The US Federal Reserve will end its huge, QE3 programme of asset purchases in October if the economy stays on track, according to the minutes of its June meeting.
The Fed has been slowing its asset purchases by $10bn every meeting this year and they currently stand at $35bn-a-month. That left doubt about whether the purchases would end in October or December – crucial for judging when the first increase in interest rates might arrive.
In its minutes, the central bank says they will end with a $15bn taper in October unless there is a surprise on the economy. That signals a clear end-date for the programme for the first time after which attention will turn to a first rate rise.
“If the economy progresses about as the Committee expects, warranting reductions in the pace of purchases at each upcoming meeting, this final reduction would occur following the October meeting,” say the minutes.
The Fed also made significant steps on agreeing its “exit strategy” when the time does come to raise interest rates. These decisions will shape how future Fed policy is communicated to financial markets.
According to the minutes, “many” Fed officials want to keep reinvesting income into their asset purchases until at or after the time that interest rates rise. That would be a change to the current strategy of stopping reinvestment before raising rates.
When the Fed does start to raise rates, it is likely to express its target Federal Funds rate as a range, like the current 0 – 0.25 per cent, instead of giving a single number as it did in the past. “Many” officials indicated “a preference for continuing to announce a target range”.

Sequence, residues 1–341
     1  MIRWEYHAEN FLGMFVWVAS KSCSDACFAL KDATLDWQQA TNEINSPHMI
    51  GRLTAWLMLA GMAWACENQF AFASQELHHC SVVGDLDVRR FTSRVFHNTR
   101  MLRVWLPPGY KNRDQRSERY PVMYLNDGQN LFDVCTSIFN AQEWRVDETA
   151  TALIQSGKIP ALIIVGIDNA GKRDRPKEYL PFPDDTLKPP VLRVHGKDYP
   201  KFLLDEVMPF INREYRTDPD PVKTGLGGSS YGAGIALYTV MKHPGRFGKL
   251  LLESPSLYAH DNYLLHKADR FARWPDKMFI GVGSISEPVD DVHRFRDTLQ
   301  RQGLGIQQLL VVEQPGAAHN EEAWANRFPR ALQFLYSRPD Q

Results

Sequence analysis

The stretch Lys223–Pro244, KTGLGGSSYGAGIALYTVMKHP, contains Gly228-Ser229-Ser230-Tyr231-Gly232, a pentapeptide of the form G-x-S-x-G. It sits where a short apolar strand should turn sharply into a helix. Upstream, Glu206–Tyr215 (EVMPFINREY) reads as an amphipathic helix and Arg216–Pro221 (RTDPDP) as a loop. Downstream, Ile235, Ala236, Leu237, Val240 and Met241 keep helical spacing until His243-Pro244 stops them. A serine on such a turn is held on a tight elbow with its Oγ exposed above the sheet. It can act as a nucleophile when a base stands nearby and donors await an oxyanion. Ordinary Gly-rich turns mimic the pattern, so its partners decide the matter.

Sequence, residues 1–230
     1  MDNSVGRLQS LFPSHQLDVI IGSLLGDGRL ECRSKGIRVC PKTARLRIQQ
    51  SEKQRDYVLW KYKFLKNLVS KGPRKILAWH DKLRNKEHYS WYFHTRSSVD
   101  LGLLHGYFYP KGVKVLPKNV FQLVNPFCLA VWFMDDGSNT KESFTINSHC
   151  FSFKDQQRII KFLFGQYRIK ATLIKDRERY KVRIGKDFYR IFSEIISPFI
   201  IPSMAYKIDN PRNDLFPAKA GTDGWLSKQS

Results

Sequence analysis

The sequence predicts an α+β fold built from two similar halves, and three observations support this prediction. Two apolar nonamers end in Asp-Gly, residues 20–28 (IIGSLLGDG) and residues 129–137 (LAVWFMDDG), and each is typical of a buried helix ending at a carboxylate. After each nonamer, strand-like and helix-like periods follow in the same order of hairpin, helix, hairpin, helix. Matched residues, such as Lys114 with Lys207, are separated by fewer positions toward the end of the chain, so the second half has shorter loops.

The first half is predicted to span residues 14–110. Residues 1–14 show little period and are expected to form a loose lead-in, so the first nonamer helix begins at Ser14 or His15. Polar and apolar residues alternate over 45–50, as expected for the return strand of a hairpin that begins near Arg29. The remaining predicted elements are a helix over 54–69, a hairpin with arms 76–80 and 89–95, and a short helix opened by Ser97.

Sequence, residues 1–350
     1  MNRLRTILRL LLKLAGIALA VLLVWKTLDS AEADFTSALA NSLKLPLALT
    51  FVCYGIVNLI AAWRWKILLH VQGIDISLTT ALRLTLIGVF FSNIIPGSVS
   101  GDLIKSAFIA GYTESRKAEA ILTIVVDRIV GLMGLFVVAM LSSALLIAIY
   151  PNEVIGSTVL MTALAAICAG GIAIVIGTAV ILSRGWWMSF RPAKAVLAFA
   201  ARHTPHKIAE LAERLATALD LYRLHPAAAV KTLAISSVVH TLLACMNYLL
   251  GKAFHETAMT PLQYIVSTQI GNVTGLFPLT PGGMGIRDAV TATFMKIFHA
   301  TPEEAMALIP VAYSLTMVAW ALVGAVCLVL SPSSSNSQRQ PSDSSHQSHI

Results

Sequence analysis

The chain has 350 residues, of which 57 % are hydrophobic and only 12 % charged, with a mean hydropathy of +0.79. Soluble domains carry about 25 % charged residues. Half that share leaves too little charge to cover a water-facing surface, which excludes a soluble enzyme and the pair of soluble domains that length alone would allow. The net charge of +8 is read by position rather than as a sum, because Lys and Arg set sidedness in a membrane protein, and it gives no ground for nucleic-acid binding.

That will allow the Fed to make only minimum use of its new reverse repo facility – a way for non-bank players such as money market funds to make deposits at the Fed – in order to minimise any distortion to financial markets.
“Many participants judged that a relatively wide spread – perhaps near or above the current level of 20 basis points – would support trading in the federal funds market and provide adequate control over market interest rates,” say the minutes.
The Fed also looked at possible changes to the calculation of the Fed Funds rate to make it more reflective of bank lending conditions and take account of international efforts to reform benchmarks such as the London Interbank Offered Rate.
On the economy, the Fed remained dovish, with some participants concerned about it staying too low balanced by those worried about it being too high.
Many officials judged that there is still a lot of slack in the economy. “A number of them thought it was greater than measured by the official unemployment rate,” say the minutes, “citing, in particular, the still-high level of workers employed part time for economic reasons or the depressed labour force participation rate.”
Fed officials showed little concern about imminent wage rises. “Several noted that a return to growth in real wages in line with productivity growth would provide welcome support for household spending.”
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